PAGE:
-----*Palabras clave*: método de sensitividad de modos de vibración, técnica de excitación natural, algoritmo de realización de valores propios, método de detección de daño estructural basado en el teorema de Bayes.

**Introduction**

Civil infrastructure including bridges and buildings forms a significant aspect of any nation's investment. Civil infrastructure systems play a vital role in the economic well-being of any country by producing enormous benefits under normal and healthy operation, on the other hand, their uncontrolled deterioration or malfunctioning can lead to huge economic loses and create a potential danger to civilians. Even in developed countries like the U.S. or Japan, the rapid deterioration of civil structures is overburden the budgets assigned to maintenance labors. In Japan, due to its rapid economic growth during the 1960’s and 1970’s resulted in construction of a considerable number of new civil structures to satisfy the economic demands; the construction boom during this period is, therefore, causing rapid and sudden aging of the Japanese civil infrastructure system at the beginning of this century.

An unhealthy civil structure is not reliable and demands more frequent inspection. In addition, during a major earthquake event, an unhealthy civil structure is prone to collapse. Current inspection techniques for civil structures are either visual or local experimental methods such as ultrasonic or acoustic methods, magnetic field methods, radiographs, eddy current methods and thermal field methods. The major drawbacks of these local experimental methods are that the location of damage must be known *a priori* and that there is a relatively high level of dependency on the practical skills of the engineers who carry out structural inspections. Visual inspection methods might not be the best solution for civil structures when the accessibility conditions represent potential danger to the inspectors or cause traffic disruption.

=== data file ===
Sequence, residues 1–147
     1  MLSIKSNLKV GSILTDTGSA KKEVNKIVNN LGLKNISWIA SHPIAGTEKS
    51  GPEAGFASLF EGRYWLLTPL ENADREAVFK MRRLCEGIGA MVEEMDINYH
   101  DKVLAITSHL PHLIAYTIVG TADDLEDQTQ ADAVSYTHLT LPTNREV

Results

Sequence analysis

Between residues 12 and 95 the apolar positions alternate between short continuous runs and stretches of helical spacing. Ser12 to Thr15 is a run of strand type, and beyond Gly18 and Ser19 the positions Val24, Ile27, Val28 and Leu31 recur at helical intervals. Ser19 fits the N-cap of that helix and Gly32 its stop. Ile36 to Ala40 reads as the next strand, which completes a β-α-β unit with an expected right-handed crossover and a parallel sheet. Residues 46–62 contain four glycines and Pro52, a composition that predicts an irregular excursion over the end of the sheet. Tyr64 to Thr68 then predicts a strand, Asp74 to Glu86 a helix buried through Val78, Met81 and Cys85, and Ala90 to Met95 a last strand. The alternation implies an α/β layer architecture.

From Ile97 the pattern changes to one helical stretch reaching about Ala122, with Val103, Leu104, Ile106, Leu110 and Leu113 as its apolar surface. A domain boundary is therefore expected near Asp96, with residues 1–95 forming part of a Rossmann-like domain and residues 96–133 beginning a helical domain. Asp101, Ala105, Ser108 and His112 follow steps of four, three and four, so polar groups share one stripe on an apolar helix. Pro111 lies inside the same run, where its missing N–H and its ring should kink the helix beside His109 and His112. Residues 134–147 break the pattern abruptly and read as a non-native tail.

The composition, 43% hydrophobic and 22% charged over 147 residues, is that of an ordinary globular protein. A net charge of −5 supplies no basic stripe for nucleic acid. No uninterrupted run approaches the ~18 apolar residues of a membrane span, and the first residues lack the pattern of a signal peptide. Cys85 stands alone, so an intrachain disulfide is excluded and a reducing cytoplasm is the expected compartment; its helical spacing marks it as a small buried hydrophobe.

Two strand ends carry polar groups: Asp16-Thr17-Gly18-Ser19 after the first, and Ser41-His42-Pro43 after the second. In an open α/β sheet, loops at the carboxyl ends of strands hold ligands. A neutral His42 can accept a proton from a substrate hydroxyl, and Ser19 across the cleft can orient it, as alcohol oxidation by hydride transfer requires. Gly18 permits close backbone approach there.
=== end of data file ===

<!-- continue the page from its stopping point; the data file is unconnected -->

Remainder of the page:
An innovative approach to asses the current health state of civil structures is the use of the dynamic properties of a structure to detect structural damage sites, the main idea behind this approach is that considerable changes in the modal properties such as natural frequencies, mode shapes and damping ratios provide quantitative information about the health condition of a structure. According to Rytter [1] a robust structural health monitoring (SHM) system can be divided into four levels: identification of damage that has occurred at a very early stage (Level I), localization of damage (Level II), quantification of damage (Level III) and prediction of the remaining useful life of the structure (Level IV). So far, many attempts have been made in order to implement SHM systems in real civil structures, but it is still challenging to achieve the four levels proposed by Rytter [1] in a real civil structure.